WASHINGTON — Bill J. Allen, the oil company executive at the core of the corruption case against Alaska Sen. Ted Stevens, said Tuesday that he realized he was getting less than full value in a car deal with Stevens in 1999, but that he agreed to the transaction anyway -- "because I liked Ted."
Allen, the star government witness against Stevens, took the stand at the senator's corruption trial for the first of two days of testimony and recounted showering other gifts and perks on his longtime friend and fishing buddy.
Among the freebies: a $5,000 electric generator that Allen said he installed for Stevens gratis at his home in Alaska after Stevens expressed concerns about January 2000 power outages.
"Ted was worried . . . the computers might not work, so he needed a generator to make sure that he would have electricity," Allen said. "And so I went and got a generator and put it in."
"Did Sen. Stevens ever pay you back for this generator"? asked Justice Department attorney Joseph W. Bottini.
"No," Allen replied.
Stevens is charged with seven felony counts of filing false information with the Senate regarding more than $250,000 in gifts and home improvements he received from Allen and others.
The bulk of the largesse, the government alleges, was in the form of home improvements to a ski chalet that Stevens owns in Girdwood, Alaska, which were made through VECO Corp., Allen's now-defunct oil field services firm.
Allen is expected to detail those improvements today.
Allen pleaded guilty in May to federal bribery charges in connection with payments he made to a number of Alaskan lawmakers, including Stevens' son, Ben, former president of the Alaska state Senate.
Ted Stevens' lawyers are expected to challenge Allen's credibility and competence as a witness. They have obtained his medical records from a 2001 motorcycle accident in which he suffered head injuries. They are also expected to look into relationships he has had with young women.
The testimony from Allen buttressed the prosecution's view that the 1999 vehicle swap that Stevens proposed was a sweetheart deal for the senator.
Allen got Stevens' 1964 Mustang and $5,000; Stevens got a 1999 Land Rover that was still on the dealer lot in Anchorage.
Allen said he figured the Mustang was worth $15,000 to $20,000. He valued his "loaded" Land Rover at $44,000.
"Why did you enter into this agreement?" Bottini asked.
"Because I liked Ted," Allen said.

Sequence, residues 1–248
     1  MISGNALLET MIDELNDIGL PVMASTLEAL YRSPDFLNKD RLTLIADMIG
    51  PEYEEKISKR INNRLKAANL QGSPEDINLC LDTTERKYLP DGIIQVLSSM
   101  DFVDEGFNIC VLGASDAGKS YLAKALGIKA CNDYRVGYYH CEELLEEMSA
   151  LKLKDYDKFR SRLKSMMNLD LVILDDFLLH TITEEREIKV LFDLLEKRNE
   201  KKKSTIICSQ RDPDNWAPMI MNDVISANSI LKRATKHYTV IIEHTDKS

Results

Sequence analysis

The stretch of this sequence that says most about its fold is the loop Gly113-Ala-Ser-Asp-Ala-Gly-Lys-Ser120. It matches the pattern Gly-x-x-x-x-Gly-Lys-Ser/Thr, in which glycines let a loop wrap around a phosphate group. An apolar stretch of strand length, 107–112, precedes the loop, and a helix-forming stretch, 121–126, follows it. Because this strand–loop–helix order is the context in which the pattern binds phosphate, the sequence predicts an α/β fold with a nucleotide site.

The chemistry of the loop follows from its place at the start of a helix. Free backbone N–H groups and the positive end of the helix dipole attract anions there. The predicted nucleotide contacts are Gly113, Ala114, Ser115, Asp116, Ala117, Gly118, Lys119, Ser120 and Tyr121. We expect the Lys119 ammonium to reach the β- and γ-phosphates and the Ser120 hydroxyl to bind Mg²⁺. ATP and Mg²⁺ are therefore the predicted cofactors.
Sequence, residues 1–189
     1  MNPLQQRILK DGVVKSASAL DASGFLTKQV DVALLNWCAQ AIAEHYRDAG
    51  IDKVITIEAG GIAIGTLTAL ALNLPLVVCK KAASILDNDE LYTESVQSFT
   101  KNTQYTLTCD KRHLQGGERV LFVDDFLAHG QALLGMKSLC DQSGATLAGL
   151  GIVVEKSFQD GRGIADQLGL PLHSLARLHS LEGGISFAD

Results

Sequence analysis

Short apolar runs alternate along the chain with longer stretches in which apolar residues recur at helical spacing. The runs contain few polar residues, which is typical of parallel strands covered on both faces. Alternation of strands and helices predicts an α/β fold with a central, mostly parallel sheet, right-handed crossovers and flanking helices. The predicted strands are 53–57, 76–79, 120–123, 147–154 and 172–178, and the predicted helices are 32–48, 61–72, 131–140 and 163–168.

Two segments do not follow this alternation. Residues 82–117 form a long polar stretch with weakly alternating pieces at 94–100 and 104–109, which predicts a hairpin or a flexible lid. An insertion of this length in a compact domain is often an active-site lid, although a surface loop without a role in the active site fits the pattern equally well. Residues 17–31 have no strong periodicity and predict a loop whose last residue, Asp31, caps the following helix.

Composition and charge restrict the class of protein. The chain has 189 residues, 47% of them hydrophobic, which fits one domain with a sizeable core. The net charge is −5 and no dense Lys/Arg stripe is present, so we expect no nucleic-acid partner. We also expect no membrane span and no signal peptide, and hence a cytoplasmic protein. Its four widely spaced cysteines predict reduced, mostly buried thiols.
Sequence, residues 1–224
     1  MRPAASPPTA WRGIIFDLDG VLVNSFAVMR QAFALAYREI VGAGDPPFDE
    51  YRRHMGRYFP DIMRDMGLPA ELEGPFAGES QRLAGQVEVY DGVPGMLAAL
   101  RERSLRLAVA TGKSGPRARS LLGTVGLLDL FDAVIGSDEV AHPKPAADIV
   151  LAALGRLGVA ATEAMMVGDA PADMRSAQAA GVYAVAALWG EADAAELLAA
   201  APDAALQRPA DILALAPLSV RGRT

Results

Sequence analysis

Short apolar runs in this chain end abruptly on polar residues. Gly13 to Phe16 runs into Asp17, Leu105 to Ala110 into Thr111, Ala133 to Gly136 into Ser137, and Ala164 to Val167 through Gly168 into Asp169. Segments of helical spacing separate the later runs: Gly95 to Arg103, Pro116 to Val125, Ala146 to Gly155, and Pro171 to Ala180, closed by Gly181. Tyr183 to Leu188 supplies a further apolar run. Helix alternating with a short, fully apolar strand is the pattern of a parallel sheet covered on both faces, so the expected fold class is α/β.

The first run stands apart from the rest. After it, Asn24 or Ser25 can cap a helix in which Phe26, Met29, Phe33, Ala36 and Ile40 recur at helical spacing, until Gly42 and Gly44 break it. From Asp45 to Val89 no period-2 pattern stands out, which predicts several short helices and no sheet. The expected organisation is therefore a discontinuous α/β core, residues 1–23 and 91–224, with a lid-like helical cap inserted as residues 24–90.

Allen said that Stevens later wanted to get the Mustang back, and offered up an armful of guns in exchange. Allen said he thought that would not be a good idea.
"I said, 'Ted, we shouldn't until you get out of the Senate,' " Allen testified, adding that he was concerned, "What would people think?"
Another government witness testified Tuesday how Stevens benefited from a nonprofit group called the Kenai River Sportfishing Assn.
The group sponsors a charity auction and annual fishing derby known as the Kenai River Classic to raise money to help sustain the famed fishing grounds and habitat. The event, which Stevens helped organize in the 1990s, attracts several hundred businessmen and lawmakers each year.
Jerie Best, a volunteer who has helped organize the auction on several occasions, recalled how she once arranged for an Iditarod sled dog puppy to be shipped to Stevens' home in Washington after a friend of the senator won it at one of the charity auctions.
Best also recounted how she was approached by a group of businessmen who purchased a $29,000 bronze statue of salmon for Stevens at another auction in 2002.
"A corporate lobbyist came up to me and said, 'We are putting together a consortium to purchase the statue for the senator's library,' " Best said. She also said Stevens was presented with a specially engraved rifle every year to commemorate his involvement.
Prosecutors contend that none of those gifts was properly accounted for, and that the artwork ended up on the porch of Stevens' home in Girdwood. Stevens' lawyers contend the bronze was intended for a charitable foundation and library being set up to mark his years in government service.
"Is Sen. Stevens a charity?" prosecutor Brenda Morris asked.
"Not that I know of," Best answered.